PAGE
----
Major European markets ended in positive territory Monday, as anticipation of lower U.S. interest rates helped sentiment.
There was also relief in the financial sector that another major bank wouldn't be blindsiding the market with huge writedowns, while energy stocks looked attractive with oil prices at new all-time highs.
Asian markets closed higher as well, with investors betting that the Federal Reserve will lower rates on Wednesday. The market is pricing in a 92% chance of a quarter-point cut, based on federal funds futures contracts traded on the Chicago Board of Trade.
London's FTSE-100 , the Paris CAC-40 and the Frankfurt DAX all ended in the green.
Money moved to energy as New York light crude futureshit a new record, topping $93 per barrel. The Dow Jones Euro STOXX energy index rose more than 1%.
Energy stocks were strong as New York light crude remained at elevated levels. The Dow Jones Euro STOXX energy index rose more than 1%.
UBS' Unexpected Declaration
UBS took the rare step of confirming quarterly guidance just a day before it officially reports earnings. As announced in the beginning of the month, UBS said it would lose up to 800 million Swiss francs ($688 million) in the third quarter and that further fixed-income writedowns were possible.
But after Merrill Lynch's surprisingly large losses last week, no more bad news is good news for banks and the stock rose 0.8%, outperforming the benchmark SMI, which was up 0.5 percent.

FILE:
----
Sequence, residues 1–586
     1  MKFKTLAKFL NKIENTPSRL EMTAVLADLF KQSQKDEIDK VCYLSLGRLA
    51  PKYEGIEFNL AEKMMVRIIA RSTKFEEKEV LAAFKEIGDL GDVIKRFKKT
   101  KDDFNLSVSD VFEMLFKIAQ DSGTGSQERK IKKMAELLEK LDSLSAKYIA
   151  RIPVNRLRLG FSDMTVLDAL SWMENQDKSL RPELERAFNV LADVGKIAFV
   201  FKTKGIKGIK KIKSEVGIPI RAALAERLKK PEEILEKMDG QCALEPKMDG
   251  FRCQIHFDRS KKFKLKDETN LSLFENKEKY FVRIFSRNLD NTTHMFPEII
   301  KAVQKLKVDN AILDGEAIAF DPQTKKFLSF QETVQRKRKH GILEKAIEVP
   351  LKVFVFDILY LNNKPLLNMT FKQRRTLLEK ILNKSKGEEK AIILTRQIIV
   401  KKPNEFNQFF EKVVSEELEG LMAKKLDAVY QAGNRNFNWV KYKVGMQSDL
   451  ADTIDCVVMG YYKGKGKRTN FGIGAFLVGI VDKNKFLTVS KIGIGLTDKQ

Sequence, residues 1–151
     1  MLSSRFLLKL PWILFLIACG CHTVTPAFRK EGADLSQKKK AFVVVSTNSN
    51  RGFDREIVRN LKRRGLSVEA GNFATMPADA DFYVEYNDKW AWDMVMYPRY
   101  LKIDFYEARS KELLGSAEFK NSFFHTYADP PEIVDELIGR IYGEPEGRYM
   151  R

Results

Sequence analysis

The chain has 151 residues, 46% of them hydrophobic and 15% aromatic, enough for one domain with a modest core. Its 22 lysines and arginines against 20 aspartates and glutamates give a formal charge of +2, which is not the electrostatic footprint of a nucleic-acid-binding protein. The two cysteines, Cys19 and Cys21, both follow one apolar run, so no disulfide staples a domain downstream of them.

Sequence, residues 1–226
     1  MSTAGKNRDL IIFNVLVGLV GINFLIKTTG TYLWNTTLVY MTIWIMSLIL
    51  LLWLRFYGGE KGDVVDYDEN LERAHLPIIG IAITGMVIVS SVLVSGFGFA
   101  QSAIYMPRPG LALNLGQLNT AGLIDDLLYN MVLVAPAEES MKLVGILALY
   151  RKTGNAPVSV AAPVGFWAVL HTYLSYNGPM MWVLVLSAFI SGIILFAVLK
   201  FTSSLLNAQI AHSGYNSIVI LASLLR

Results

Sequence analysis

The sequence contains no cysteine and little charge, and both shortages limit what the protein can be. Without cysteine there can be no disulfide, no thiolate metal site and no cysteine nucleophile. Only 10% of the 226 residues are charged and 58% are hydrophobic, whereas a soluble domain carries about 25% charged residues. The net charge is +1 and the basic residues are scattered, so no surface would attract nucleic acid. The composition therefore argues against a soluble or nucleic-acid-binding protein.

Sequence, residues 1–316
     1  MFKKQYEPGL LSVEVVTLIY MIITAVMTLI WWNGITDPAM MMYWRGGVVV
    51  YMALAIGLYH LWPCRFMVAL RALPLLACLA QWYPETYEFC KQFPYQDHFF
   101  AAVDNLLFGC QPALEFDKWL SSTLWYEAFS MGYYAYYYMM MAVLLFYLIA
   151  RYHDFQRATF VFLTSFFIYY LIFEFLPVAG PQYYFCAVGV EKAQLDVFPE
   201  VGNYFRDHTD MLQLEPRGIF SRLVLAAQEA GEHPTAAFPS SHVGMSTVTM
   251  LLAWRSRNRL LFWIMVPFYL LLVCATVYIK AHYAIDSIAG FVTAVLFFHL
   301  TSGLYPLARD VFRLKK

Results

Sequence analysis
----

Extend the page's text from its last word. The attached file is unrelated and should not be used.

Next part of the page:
The decision by UBS to issue a surprise statement in response to an article in Swiss newspaper Sonntag speculating on a larger-than-expected loss is an indication of how jittery the financial sector has become, CNBC Europe's Dan Scott reported.
UBS is a bank "which never, never, ever comments on any press reports" and "today they've "decided to comment on a report from a paper that nobody ever reads," Scott said.
"I think people are really on edge," he added.
However, analysts said that more bad news may come out of European banks towards the end of the year.
"Europe has been quiet because Europe doesn't have to do quarterly reports," Peter Hahn, from Cass Business School, told "European Closing Bell."